Once out of public view, tucked in the safety of a ladies’ room stall, I let the tears flow. Actually, it was more saltwater rivulets combined with snot and most unladylike dry heaving, which I couldn’t contain even though the bathroom was empty; the service would last at least another twenty minutes before the swarms of women with antsy children came in.

Well, I thought it was empty. I must not have heard the door open, but I did hear the clackety-clack of heels across the floor. Two patent-leather-shoed feet appeared in the space between the stall door and the tile floor. “Are you all right?” asked a woman’s voice.

I remained silent for a few moments, contemplating what to do. On one hand, I could have ignored her until she got the message that I wasn’t up to talking. But what if she stood there until I came out? The other alternative was answering “I’m fine,” but in my condition that would just be ridiculous.
So I did the most logical, but still last thing I wanted to do: I exited the stall and collapsed into the woman’s waiting arms. She was elderly, and a church elder, as evidenced by her staff name tag. So this was more than just showing concern for a poor sobbing soul: it was ministry.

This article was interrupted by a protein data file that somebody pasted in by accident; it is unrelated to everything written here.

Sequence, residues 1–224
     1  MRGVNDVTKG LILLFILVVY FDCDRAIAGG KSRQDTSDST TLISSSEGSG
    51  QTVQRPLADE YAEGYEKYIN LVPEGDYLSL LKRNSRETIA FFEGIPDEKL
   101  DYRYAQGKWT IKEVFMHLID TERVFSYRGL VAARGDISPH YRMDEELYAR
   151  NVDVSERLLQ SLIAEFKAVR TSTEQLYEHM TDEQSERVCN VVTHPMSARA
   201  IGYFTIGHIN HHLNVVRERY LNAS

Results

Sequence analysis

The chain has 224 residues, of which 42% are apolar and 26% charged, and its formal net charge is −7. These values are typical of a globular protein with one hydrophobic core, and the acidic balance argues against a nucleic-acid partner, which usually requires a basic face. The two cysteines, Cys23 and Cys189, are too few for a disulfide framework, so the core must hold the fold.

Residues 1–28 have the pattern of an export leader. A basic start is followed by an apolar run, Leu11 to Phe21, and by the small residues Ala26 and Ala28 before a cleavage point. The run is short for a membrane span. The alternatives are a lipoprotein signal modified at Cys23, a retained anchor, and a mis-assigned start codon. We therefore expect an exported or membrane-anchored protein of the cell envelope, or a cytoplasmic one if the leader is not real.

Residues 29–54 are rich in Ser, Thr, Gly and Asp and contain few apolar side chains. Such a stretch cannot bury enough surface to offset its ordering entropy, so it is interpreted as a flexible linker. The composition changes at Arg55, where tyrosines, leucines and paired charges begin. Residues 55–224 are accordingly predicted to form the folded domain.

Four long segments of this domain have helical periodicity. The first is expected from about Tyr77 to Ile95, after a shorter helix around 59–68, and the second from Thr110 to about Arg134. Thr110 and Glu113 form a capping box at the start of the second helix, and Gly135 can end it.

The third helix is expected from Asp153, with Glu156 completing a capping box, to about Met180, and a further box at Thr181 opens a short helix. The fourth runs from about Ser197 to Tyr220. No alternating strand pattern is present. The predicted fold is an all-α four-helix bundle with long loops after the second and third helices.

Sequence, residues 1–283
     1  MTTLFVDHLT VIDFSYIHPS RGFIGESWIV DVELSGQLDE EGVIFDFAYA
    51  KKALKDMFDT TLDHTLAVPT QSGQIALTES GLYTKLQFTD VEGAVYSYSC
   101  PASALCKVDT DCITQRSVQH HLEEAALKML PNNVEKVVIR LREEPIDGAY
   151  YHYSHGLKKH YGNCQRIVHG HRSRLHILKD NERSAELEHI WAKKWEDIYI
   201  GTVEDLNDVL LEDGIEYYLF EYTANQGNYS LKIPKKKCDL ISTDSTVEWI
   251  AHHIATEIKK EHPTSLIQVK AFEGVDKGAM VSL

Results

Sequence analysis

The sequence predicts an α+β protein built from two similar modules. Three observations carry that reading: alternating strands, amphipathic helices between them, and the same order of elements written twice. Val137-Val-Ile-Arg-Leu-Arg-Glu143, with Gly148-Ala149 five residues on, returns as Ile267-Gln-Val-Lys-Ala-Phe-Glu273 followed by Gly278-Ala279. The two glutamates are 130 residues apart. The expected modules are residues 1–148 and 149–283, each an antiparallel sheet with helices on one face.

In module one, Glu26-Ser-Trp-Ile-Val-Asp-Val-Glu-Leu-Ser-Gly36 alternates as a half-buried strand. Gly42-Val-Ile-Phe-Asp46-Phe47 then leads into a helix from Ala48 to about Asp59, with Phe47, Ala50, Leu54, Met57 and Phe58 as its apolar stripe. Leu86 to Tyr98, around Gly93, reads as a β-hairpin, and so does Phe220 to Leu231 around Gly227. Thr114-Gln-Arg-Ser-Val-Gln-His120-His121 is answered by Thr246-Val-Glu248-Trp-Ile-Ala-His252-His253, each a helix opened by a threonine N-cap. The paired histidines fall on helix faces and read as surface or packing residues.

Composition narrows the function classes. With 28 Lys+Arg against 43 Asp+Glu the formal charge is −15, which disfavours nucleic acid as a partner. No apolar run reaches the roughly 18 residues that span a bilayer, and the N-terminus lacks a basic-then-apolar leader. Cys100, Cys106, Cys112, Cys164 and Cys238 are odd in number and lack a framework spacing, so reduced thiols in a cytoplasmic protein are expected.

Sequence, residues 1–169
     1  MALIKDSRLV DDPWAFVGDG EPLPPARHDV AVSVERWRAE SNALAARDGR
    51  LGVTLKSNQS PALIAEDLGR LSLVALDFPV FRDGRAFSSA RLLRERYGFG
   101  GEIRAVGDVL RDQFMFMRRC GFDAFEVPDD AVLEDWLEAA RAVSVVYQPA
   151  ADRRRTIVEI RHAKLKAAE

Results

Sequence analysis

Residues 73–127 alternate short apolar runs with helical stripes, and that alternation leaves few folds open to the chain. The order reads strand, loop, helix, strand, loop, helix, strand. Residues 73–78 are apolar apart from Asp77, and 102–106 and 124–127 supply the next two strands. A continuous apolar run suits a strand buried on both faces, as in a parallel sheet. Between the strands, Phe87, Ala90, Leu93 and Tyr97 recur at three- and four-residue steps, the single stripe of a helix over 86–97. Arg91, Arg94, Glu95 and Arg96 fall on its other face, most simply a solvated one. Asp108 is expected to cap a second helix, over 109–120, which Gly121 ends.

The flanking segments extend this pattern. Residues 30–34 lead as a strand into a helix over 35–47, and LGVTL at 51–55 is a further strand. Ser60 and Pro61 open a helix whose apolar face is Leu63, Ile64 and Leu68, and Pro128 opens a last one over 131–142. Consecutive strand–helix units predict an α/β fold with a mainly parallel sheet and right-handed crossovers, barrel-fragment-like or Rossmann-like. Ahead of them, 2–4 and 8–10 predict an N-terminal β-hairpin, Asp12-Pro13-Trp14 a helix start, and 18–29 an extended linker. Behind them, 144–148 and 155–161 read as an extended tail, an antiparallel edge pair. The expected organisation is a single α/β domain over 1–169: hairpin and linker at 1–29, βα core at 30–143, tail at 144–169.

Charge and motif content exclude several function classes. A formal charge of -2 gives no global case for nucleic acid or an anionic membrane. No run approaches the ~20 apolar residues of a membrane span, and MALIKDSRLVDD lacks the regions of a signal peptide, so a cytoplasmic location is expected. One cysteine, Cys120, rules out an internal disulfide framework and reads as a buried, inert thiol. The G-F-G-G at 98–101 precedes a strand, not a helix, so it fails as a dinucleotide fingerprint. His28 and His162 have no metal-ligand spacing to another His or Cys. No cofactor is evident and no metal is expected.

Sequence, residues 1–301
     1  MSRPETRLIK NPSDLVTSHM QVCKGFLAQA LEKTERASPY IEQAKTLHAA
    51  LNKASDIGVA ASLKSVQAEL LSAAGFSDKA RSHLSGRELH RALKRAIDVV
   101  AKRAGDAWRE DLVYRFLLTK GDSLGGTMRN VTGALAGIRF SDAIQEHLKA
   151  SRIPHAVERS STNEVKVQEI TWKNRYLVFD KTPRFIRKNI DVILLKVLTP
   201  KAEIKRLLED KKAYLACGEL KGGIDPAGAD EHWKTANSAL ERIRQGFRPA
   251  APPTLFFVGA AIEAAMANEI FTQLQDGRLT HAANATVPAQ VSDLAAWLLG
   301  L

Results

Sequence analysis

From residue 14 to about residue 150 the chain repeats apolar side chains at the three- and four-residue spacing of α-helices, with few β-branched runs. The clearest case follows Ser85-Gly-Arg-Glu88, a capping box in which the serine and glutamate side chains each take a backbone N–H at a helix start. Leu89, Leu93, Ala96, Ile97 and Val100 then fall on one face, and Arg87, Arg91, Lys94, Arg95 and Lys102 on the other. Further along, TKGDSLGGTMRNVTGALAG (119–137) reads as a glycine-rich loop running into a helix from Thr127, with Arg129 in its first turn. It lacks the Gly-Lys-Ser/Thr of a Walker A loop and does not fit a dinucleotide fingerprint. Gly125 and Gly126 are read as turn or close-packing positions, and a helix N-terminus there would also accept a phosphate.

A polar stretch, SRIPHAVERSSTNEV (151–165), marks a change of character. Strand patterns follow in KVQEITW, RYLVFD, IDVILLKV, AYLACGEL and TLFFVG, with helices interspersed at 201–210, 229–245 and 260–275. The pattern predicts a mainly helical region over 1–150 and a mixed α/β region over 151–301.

Eventually we crossed the room and sat on the loveseat against the wall—technically the nursing area. The elder—Veronica, her name tag read—didn’t ask me if I wanted to talk, but simply sat patiently with a gentle hand on my back. I really, really didn’t want to talk, but there was a still voice in my head saying something to the effect of You need to give this community thing a chance if you want to get your faith back. This was my church, and this moment was an example of truly needing it most desperately.